As “missional theology” becomes a buzzword in the church, many church leaders and pastors find themselves looking for new ways of thinking about and being church. Lesslie Newbigin’s The Household of God remains an indispensable contribution to this conversation. This article re-evaluates how Newbigin’s theology of eschatology from 1952 can be used in churches today. The church lives in mission and strives toward unity only when it first lives into its eschatological calling to be a sign, instrument, and foretaste of the kingdom of God.
    • A Listening Paradigm for the North American Church in a Globalized World

      Fox, Jonah (Lutheran School of Theology at Chicago, 2021-06-16)
      The Western world quickly continues to globalize, and the North American Church continues to grow less homogenous. This is something that ought to be celebrated, but the Church faces an important question: “When faced with hermeneutical controversy, from which culture do we derive our norms?” In the Western Church, norms have typically been set by whiteness and masculinity. The author proposes a paradigm for listening to our siblings from around the world through the work of Palestinian Christian, Naim Ateek.
    • A Living Body

      Thomas, Linda E.; Lutheran School of Theology at Chicago (Lutheran School of Theology at Chicago, 2016-03-22)
      Sermon delivered on Earth Day, April 22, 2015.
    • A Mess Makes Us Free

      Needham, River Cook; Warfield-May, J. Pace (Lutheran School of Theology at Chicago, 2021-06-16)
      This issue of Currents in Theology and Mission offers up queer theologies that resist categorization. Now, perhaps more than ever before, there is need for the church to show leadership by taking a theological and ethical stance on behalf of marginalized communities. Inspired by this, queer theology has continued to grow and develop, doing the messy work of creating new ways of doing theology in community. The authors of the included essays hold a variety of lived experiences, which overlap in the messiness of queer and LGBTQIA+ theologies.
    • A New Creation

      Lowe, Mary (Lutheran School of Theology at Chicago, 2020-03-05)
      In her essay, Mary Lowe demonstrates that the social statement’s openness is grounded in Lutheran commitments to the diversity of creation, neighbor justice, and the body of Christ. She then contends that the document’s expansive welcome is informed by three significant shifts in the way theologians, scientists, and theorists view sex, gender, and sexuality.  
    • A New Creation: Sex and Gender in 'Faith, Sexism, and Justice: A Call to Action'

      Lowe, Mary Elise (Lutheran School of Theology at Chicago, 2020-03-05)
      In her essay, Mary Elise Lowe demonstrates that the social statement’s openness is grounded in Lutheran commitments to the diversity of creation, neighbor justice, and the body of Christ. She then contends that the document’s expansive welcome is informed by three significant shifts in the way theologians, scientists, and theorists view sex, gender, and sexuality.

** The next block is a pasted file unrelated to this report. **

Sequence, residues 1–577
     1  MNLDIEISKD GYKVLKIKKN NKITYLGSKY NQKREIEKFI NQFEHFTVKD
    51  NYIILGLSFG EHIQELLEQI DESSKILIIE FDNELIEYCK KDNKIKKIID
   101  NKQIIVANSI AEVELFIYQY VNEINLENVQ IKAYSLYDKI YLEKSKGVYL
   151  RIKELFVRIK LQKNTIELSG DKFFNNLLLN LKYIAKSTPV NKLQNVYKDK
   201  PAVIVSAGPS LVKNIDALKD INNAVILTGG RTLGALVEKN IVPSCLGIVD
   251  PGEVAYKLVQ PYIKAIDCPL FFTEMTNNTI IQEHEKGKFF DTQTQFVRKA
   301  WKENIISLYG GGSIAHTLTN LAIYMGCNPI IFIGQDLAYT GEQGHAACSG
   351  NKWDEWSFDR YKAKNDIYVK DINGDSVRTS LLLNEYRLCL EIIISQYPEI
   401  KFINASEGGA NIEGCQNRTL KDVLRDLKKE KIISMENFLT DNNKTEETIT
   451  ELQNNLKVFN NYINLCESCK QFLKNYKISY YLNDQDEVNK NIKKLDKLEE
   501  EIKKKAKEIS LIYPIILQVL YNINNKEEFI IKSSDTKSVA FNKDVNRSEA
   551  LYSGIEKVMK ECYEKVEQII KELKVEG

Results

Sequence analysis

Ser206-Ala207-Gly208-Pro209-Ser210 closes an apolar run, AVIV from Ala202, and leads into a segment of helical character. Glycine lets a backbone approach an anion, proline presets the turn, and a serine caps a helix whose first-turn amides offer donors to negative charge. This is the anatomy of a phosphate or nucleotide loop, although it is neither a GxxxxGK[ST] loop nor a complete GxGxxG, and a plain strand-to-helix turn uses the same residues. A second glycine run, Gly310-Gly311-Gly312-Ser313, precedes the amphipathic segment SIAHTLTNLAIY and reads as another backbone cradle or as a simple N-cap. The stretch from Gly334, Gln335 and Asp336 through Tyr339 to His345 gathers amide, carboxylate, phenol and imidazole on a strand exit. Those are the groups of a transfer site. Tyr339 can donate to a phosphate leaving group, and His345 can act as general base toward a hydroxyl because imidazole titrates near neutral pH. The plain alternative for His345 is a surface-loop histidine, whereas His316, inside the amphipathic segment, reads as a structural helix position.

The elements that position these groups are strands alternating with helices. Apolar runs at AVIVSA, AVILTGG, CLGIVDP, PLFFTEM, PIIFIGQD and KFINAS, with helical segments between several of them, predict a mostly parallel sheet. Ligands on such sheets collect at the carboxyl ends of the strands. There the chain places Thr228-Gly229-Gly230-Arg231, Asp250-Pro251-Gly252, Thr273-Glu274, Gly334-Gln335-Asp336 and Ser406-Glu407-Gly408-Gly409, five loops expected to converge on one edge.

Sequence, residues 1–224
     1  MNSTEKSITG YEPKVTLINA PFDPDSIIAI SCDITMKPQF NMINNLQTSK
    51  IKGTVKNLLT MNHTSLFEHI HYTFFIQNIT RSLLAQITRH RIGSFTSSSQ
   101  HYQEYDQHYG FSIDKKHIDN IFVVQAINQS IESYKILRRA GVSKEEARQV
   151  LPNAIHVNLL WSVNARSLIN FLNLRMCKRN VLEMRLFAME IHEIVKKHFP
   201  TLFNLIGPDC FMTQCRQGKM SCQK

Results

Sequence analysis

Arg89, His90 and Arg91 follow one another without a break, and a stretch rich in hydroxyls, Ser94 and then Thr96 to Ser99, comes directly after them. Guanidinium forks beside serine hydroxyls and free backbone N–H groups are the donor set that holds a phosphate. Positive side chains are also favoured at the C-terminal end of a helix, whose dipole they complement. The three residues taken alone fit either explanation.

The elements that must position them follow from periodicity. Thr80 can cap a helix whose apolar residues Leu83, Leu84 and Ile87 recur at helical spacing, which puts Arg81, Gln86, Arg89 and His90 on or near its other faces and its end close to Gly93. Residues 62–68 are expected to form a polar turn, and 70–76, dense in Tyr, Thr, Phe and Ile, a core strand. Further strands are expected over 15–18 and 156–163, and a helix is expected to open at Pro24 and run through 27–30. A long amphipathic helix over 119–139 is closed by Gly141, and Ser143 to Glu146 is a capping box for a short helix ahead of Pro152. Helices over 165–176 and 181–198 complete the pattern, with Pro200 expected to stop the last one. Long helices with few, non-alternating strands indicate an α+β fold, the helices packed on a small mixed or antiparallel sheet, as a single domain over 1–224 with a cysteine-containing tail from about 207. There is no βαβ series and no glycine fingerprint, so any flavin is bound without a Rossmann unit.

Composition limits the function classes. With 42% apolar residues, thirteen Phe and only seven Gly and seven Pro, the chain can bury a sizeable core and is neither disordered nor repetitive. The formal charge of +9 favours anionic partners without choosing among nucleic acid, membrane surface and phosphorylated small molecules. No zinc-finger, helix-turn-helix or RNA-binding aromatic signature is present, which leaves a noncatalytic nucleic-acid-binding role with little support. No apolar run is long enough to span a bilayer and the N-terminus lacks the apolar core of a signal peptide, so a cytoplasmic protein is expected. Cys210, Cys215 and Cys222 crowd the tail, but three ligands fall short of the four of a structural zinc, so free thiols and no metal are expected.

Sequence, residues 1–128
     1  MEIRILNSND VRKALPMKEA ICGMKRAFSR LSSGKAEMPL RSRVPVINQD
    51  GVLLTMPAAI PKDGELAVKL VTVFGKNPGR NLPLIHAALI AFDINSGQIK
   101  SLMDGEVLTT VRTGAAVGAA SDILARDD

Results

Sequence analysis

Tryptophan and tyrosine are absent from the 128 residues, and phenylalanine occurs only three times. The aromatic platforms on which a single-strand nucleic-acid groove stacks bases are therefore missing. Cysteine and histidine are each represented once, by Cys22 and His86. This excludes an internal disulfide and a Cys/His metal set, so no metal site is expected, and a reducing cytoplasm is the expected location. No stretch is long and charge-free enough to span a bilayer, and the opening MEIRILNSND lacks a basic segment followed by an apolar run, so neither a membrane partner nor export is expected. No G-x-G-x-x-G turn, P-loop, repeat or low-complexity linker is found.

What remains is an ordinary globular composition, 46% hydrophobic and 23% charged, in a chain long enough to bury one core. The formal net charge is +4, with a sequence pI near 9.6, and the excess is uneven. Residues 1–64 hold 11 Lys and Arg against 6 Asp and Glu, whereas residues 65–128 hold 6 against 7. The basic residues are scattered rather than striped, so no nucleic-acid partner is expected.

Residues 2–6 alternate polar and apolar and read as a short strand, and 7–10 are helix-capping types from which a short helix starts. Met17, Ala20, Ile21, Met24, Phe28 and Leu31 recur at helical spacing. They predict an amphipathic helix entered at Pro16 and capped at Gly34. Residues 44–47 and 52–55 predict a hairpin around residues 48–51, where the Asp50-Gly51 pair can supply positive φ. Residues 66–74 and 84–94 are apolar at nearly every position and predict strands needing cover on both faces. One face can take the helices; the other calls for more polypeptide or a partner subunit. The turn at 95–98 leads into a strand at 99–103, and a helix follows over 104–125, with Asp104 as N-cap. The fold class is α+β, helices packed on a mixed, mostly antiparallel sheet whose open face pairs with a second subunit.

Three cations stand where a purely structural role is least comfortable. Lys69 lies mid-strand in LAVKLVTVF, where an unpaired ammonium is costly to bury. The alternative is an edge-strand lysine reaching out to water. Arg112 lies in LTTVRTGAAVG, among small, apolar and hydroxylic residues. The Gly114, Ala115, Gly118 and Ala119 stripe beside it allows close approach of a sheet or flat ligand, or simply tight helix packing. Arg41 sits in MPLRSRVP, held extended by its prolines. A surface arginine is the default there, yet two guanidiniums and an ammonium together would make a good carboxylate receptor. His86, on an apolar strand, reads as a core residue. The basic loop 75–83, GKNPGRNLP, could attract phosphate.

• A New Reformation (Together this Time!): Lutheran and Byzantine Churstians for Ecological Justice

      Frank, Chrysostom (Lutheran School of Theology at Chicago, 2019-07-05)
      As we face a looming ecological crisis, all Christians are called to act to preserve creation. To do this well, ecumenical thinking is needed. Lutherans and Byzantine Christians may find commonality in their diverse theological traditions that can bring them together in a new “Eco-Reformation” for our own day. A variety of Lutheran accents find deep resonances within the Eastern Christian tradition. Being able to see and to identify these gifts of Lutheranism to the universal church can enable us not only to draw closer to one another, but also to empower us in the battle to preserve creation.
    • A Preacher Stands Up to Preach...

      Lundblad, Barbara (Lutheran School of Theology at Chicago, 2019-11-11)
      Preaching Helps for this issue of Currents in Theology and Mission include the Seventeenth Sunday after Pentecost (October 6, 2019) through Christmas Day (December 25, 2019).
    • A Preacher Stands Up to Preach...

      Lundblad, Barbara (Lutheran School of Theology at Chicago, 2019-09-29)
      Preaching Helps for this issue of Currents in Theology and Mission include the Seventeenth Sunday after Pentecost (October 6, 2019) through Christmas Day (December 25, 2019).
    • A Quest for Inclusion: A Narrative Theological Reflection on the Story of Jesus Healing a Leper (Mark 1:40-45)

      Wielzen, MA, PhD, Duncan R. (Lutheran School of Theology at Chicago, 2022-03-16)
      The story of Jesus healing a leper (Mark 1:40-45) can serve as a model for confronting Caribbean communities facing a “crisis of connection.” This essay reflects a modest exercise in a narrative theological reading of the Markan text. Therefore, the central question is: what can be learned from a narrative reading of the story of Jesus healing a leper that may contribute to turning the tide for individuals at the receiving end during the Covid-19 pandemic and other crises? This story uncovers the nitty-gritty of human connection, with the basics of empathizing, reaching out, touching, and consenting.
    • A Rising Tide Lifts All the Boats: It is about All of Us

      Gaventa, Bill (Lutheran School of Theology at Chicago, 2022-06-16)
      Inclusive ministries for and with people with disabilities and their families have grown exponentially in the past two decades. As faith communities creatively work on being fully inclusive, they can adopt a variety of strategies used in nonreligious settings, but also discover and develop their own strategies that can be used elsewhere. As such, congregations have the potential of being models of community inclusion, in ways that witness to their faithfulness while also serendipitously discovering that their initiatives benefit many others in the congregation, as well as the whole of the congregation’s life together.